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Wednesday, December 28, 2011

Umno, BN allowed ‘hijacking’ of Article 153


No one is questioning the legitimacy of Article 153 but what should be discussed is its implementation, says a political analyst.
PETALING JAYA: Lack of public discussions over Article 153 of the Federal Constitution has allowed narrow minded extremists such as Perkasa to hijack the clause for their own selfish agenda.
Article 153 of the federal constitution calls for the safeguarding of the ‘special position’ of Malays and the ‘legitimate’ rights of non-Malays.
Whilst the term ‘special position’ has come to mean, and by default, ‘special rights’, the legitimate rights of the non Malays, according to Centre for Policy Initiatives (CPI) director Lim Teck Ghee, has been ‘diluted’.
Lim blamed this on Umno and Barisan Nasional.
“By preventing discussion about it, extremist group like Perkasa has hijacked the clause with their ludicrous interpretation of Article 153.
“Article 153 accords protection for non-bumiputeras but the matter seems to have been diluted,” said Lim commenting on Deputy Prime Minister Muhyiddin Yassin’s warning to the public not to debate and question Article 153.
Muhyddin said any discussions could trigger “racial tension”.
He was responding to National Evangelical Christian Fellowship chairman Eu Hong Seng who alleged that Article 153 was used to bully the non-Malays into submission.
“There is a reason, a rationale, behind the article. There is a history behind it.”
“I hope that there will be no debate on this matter as it could incite racial tension. What is already enshrined in the Constitution should not be questioned” said Muhyiddin.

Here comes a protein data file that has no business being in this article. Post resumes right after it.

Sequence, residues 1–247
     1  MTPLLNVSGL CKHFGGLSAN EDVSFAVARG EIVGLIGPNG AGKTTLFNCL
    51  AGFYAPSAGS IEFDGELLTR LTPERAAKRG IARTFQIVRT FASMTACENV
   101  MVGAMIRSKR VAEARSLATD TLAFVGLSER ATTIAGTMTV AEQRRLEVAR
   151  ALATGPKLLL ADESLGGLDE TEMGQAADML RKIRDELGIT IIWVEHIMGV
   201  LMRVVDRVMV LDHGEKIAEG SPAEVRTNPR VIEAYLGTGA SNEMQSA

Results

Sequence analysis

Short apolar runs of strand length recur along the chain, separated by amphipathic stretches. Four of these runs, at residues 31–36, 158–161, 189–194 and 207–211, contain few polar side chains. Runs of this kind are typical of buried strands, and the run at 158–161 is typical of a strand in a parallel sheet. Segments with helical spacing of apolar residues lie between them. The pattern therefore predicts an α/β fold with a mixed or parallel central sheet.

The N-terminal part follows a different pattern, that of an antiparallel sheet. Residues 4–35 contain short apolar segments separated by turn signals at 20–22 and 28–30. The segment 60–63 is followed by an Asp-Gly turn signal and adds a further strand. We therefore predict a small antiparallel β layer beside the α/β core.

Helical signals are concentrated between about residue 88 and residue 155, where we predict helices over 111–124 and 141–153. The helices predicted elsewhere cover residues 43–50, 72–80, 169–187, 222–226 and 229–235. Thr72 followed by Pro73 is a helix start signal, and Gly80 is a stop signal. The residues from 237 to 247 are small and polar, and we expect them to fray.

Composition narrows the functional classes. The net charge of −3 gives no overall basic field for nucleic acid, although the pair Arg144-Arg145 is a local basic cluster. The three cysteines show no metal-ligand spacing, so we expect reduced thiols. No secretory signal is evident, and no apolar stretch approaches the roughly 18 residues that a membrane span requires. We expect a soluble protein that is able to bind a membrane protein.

‘No one is questioning legitimacy’
Perkasa also joined the fray and accused Eu of trying to instigate animosity against the Malays by questioning the privileges accorded to the majority group.
Article 153 paragraph (1) reads: “It shall be the responsibility of the Yang di-Pertuan Agong to safeguard the special position of the Malays and natives of any of the States of Sabah and Sarawak and the legitimate interests of other communities in accordance with the provisions of this Article”.
Rebutting Perkasa’s views, Lim said that BN should, in its election manifesto, devote time and effort to address the grievances that arise from the narrow interpretation of Article 153.
“There are many who appear to be ignorant about the clause and BN should make a stand on it to stop further verbal sparring over the matter,” he said.
Echoing Lim’s view, University College Sedaya International (UCSI)’s political analyst Ong Kian Meng said Article 153 should be read again in its full context and “in the spirit the supreme law of the land was drafted by the nation’s founders.”
“No one is questioning its legitimacy but we are talking about its implementation,” said Ong.
He also said that Malaysians are mature enough to discuss the topic and people should address the implementation of policies linked to the clause in order to benefit all races.
“For example, the New Economic Policy (NEP) is not part of Article 153. That is something that needs to be addressed as many are oblivious about it,” he said.
‘Change takes time’
Although he agreed that in the past there was limited room to discuss this matter, the situation was improving since the 2008 general election.
Universiti Malaya political analyst KS Balakrishnan, on the other hand, said there was no need to question or debate anything on the constitution as everyone’s rights were guaranteed under the social contract.
“What we need to address is on how to distribute the nation’s wealth equally and help the underpriviliged which the BN administration is already doing,” said Balakrishnan.
He also dismissed Eu’s claims and said the Chinese and the Indians were not stopped from seeking a fair share of the nation’s wealth for their respective community.
However, Balakrishnan conceded that although the right policies were in place to cater for all Malaysians, the government should look into speeding up its process.
“Change takes time and the government is in the process of ironing out the right policies for all,’ he said.

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